Today I was closing a loop on a marketing project when I did something gratuitous: I stopped, paused, and tipped my hat to a fellow creator.
The marketer I had been working with is an employee of another company in my industry. I happened to see some of his work on his company’s social media feed, and I was really impressed by the professionalism, curation, and creativity of the content. I shared my admiration in a quick email.
It took me only a few seconds to congratulate him on his work and skill. I don’t know how much it really meant to him. But I can tell you that (for me, at least) it’s one of the most gratifying things to get acknowledgement from a fellow creator you respect.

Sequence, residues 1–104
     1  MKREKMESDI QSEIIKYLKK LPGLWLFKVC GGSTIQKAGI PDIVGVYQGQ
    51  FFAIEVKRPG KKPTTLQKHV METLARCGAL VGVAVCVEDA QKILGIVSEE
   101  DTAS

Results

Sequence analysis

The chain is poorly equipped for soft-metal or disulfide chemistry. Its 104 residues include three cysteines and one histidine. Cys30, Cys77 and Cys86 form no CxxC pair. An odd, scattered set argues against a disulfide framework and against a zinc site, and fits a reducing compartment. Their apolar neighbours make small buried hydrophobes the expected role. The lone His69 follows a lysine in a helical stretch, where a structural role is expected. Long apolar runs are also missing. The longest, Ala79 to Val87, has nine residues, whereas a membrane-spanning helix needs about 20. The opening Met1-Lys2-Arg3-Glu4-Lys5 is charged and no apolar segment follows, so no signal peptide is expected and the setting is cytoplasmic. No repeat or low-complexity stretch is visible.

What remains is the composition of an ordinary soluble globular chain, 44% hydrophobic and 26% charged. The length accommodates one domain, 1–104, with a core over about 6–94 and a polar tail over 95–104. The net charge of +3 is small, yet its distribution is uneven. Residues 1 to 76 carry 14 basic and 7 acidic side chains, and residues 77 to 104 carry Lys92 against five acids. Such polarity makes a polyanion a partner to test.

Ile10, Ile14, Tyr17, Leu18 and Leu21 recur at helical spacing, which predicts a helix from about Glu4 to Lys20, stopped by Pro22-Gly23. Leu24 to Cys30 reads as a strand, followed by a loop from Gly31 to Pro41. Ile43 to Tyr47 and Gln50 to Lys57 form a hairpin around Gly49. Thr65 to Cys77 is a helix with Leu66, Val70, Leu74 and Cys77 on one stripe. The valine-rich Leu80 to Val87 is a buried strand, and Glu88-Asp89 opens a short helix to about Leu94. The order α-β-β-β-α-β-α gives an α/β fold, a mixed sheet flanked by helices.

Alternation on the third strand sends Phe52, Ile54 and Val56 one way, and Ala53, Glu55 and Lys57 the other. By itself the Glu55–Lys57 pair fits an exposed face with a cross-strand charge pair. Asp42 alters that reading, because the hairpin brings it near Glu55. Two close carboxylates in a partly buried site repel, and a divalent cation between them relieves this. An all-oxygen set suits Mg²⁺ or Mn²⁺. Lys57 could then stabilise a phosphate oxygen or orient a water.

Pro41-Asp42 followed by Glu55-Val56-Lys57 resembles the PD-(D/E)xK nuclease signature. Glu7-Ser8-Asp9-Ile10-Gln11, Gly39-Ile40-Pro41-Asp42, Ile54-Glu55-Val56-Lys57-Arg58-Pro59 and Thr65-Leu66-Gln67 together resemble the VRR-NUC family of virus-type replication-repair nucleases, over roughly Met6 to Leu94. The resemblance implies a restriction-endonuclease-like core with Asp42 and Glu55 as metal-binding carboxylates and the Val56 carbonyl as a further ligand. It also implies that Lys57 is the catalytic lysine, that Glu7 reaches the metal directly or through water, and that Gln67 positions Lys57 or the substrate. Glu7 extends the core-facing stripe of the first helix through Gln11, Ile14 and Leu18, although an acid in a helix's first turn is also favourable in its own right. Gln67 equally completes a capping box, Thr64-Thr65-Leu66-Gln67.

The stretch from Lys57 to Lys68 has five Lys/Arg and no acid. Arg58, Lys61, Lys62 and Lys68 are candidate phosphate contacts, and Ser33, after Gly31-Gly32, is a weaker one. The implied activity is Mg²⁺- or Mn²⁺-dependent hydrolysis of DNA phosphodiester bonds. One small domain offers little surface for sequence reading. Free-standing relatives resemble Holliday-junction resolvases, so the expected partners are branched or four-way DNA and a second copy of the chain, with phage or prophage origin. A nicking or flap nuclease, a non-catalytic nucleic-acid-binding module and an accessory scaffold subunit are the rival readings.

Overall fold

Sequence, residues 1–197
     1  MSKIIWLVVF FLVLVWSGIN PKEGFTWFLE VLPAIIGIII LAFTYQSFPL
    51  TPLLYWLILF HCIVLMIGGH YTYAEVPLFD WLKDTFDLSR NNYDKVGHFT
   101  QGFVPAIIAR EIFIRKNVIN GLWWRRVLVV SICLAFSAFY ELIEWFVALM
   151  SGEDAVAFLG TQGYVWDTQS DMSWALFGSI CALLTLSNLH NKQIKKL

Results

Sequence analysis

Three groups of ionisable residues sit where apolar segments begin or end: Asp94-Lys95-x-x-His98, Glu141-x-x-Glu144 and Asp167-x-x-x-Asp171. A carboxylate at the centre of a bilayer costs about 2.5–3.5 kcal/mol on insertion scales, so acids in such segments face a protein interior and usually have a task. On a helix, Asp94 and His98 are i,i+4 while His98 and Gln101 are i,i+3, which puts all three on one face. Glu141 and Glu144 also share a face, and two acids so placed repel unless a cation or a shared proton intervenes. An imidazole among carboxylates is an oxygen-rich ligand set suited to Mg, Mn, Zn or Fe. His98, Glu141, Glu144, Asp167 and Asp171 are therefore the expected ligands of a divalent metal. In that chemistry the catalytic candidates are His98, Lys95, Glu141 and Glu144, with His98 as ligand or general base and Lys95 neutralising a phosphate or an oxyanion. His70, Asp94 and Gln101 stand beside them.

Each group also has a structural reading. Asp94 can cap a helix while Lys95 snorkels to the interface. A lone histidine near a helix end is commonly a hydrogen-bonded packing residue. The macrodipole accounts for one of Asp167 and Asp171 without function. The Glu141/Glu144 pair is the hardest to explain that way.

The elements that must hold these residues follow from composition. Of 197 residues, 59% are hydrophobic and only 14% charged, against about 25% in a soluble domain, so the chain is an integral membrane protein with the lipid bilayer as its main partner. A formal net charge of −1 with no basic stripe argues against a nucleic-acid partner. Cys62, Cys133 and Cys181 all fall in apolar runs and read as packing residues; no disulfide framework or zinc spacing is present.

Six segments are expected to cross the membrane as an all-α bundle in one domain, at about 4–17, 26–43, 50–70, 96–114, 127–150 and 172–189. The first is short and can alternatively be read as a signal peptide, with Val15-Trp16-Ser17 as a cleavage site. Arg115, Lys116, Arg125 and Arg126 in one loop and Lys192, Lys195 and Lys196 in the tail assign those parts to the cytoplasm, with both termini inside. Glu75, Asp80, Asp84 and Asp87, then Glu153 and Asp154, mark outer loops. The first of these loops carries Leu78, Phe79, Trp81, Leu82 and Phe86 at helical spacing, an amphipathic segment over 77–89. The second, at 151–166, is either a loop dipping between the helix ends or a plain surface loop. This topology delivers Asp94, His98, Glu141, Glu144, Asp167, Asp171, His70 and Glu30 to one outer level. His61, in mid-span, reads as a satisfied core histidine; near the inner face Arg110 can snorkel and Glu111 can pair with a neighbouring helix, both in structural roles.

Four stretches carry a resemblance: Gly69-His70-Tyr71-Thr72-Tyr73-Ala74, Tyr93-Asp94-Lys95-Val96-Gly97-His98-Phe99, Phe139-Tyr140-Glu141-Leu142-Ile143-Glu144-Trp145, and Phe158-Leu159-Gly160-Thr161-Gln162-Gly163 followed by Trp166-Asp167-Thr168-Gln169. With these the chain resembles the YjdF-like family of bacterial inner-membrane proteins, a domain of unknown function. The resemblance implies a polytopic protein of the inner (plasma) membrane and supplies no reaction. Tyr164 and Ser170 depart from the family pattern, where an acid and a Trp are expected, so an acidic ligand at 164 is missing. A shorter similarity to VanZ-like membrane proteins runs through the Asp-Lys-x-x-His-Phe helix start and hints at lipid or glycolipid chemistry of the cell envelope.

Expressing admiration was completely unnecessary for getting the job done. I could have thanked him for his collaboration and moved on. But the fact that this kind of praise is unnecessary and gratuitous is what makes it so valuable.
A boss has to give feedback (it’s good management). Employees have to (or feel like they have to) praise their bosses. Customers will always have demands. But peers – fellow creators – they can give the respect and appreciation that comes from first-hand knowledge of a craft.
For a peer to recognize the quality of your work is (for many of us) better than cash. That means it’s pretty easy to make the day of a creative person. Just stop in the middle of a job and salute what they’re doing.